For projects that have significant cost restraints, MLV might be the only option to increase the STC without breaking the bank. However, for long-term projects that can afford a 20% cost premium then Wall Blokker provides superior performance and results.

 

Consensus on MLV and Soundproofing Membranes:

Ultimately, Mass-Loaded Vinyl and other soundproofing membranes can be most effective when used in tested assemblies where STC performance is critical. Using MLV is often much more effective than double-stacking layers of drywall, but contractors and installers should be sure to ask for performance data (not just marketing material) and ensure that pricing is competitive.

Acoustics for Schools

commercial acoustics school soundproofing acoustics

Imagine trying to learn integral calculus with the drumming of a mechanical room next to you. Or trying to memorize Shakespeare lines or capials in the Far East capitals the band plays a marching tune above. This is a situation that many students in our nation’s schools encounter every day.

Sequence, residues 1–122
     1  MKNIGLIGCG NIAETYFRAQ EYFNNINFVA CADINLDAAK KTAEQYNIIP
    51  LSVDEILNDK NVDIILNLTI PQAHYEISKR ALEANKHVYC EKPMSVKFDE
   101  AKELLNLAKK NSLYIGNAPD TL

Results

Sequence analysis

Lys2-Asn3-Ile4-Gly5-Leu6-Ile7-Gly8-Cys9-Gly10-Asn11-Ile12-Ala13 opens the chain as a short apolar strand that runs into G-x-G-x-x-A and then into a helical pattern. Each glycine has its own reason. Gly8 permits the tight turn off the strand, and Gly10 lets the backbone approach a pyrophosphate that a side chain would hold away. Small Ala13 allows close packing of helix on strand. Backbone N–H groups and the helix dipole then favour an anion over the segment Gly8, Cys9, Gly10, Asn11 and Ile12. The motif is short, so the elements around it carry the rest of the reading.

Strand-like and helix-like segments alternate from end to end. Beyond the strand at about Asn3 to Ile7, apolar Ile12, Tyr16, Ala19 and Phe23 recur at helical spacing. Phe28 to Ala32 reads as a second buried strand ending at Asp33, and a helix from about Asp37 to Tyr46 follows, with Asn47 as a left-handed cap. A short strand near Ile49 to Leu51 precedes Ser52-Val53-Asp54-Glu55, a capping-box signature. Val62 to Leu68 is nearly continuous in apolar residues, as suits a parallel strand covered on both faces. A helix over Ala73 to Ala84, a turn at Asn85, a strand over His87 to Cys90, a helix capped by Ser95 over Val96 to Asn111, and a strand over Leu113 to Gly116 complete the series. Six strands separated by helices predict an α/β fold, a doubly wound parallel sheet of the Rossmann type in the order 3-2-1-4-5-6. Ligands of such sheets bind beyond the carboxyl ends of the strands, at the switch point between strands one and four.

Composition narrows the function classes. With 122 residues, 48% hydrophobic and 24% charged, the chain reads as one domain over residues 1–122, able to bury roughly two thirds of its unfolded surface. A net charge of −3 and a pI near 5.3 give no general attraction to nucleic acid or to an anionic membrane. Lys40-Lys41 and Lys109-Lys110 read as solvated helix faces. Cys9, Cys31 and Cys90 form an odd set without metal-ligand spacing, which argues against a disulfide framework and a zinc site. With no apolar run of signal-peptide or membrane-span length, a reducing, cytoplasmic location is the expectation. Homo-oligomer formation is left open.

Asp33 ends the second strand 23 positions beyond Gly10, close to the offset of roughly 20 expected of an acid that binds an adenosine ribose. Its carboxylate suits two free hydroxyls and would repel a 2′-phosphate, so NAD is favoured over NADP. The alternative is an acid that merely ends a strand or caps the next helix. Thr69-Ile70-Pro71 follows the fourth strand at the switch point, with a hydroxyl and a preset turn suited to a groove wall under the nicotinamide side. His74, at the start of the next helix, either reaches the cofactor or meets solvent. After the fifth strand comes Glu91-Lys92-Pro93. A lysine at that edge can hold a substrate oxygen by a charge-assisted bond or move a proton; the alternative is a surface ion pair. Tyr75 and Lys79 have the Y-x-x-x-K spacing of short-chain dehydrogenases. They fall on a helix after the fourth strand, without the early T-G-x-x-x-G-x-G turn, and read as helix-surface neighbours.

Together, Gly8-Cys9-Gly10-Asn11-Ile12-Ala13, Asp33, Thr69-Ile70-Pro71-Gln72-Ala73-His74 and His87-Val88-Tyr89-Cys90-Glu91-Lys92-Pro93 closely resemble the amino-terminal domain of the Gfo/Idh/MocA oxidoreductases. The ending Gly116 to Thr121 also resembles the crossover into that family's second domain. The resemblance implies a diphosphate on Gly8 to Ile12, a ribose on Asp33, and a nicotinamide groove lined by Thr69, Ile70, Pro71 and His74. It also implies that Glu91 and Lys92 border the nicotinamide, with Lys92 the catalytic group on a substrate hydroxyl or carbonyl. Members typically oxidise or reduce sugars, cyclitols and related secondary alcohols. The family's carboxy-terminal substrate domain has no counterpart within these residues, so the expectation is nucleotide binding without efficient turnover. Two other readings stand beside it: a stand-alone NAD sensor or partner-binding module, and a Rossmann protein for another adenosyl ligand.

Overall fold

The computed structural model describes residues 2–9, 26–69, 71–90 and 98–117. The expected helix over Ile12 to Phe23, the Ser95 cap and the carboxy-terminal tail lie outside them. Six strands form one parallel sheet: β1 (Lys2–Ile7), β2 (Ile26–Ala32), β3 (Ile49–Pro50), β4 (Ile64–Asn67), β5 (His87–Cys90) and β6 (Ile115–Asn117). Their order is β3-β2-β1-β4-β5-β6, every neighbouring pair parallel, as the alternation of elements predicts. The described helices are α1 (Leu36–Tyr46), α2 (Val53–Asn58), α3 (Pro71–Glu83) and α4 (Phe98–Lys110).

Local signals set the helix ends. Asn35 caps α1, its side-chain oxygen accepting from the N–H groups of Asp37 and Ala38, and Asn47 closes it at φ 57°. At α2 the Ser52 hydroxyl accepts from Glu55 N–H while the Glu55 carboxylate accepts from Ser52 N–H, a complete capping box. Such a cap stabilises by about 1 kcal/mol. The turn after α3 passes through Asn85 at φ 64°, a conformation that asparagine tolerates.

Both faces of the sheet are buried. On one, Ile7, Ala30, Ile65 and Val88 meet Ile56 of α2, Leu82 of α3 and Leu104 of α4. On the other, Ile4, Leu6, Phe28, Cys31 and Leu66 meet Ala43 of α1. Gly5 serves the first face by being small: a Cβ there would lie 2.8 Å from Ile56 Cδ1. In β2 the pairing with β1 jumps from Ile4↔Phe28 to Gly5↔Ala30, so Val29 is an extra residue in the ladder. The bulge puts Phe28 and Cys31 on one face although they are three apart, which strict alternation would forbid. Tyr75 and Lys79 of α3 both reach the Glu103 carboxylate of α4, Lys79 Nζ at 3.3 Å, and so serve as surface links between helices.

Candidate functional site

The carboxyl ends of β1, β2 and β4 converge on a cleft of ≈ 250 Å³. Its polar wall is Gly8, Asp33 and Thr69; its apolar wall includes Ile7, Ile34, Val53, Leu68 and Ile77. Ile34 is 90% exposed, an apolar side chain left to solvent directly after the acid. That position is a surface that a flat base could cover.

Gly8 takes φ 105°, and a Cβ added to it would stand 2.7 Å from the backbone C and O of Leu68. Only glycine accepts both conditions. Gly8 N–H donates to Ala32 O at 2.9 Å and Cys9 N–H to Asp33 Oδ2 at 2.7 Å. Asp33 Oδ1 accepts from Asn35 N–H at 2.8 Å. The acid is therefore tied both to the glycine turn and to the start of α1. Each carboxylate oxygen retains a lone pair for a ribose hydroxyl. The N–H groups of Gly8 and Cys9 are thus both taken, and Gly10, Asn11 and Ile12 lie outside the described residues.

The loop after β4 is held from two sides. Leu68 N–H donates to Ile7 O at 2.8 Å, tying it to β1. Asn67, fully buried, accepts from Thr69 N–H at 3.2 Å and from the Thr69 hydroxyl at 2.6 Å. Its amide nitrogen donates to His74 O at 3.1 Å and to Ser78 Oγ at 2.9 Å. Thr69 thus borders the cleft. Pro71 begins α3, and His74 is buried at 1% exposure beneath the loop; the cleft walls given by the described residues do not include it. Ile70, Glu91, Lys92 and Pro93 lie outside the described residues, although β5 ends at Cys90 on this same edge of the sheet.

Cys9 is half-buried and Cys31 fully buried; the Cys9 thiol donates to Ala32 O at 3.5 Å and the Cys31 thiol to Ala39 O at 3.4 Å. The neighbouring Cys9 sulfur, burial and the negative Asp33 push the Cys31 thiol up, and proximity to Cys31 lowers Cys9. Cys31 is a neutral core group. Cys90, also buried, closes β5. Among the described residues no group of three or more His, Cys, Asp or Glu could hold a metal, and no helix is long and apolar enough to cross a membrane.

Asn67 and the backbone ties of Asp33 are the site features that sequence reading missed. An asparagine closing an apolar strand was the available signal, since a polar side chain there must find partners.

Designing and building schools for the proper acoustics is a challenging task, but one that is critical to allow the students to focus on curriculum rather than be distracted by poor reverberation or cross-talk from neighboring classrooms and areas.

Unfortunately, there is very little regulation in this arena, leading designers and builders to wonder where to turn when questions arise. Luckily, with careful research and review, there are a few leading sources to determine best practices and guidelines, and they’re available to the public.

One of these is ANSI S12 American National Standard Acoustical Performance Criteria, Design Requirements, and Guidelines for Schools, Part 1: Permanent Schools. This standard provides numerous guidelines for designers, especially STC’s and IIC’s for how much sound walls should block between various room adjacencies. For instance, well classroom to classroom partitions need only to block 45 dBs, classroom to hallways require 50 and above and classroom to mechanical room require STC’s 65 and higher.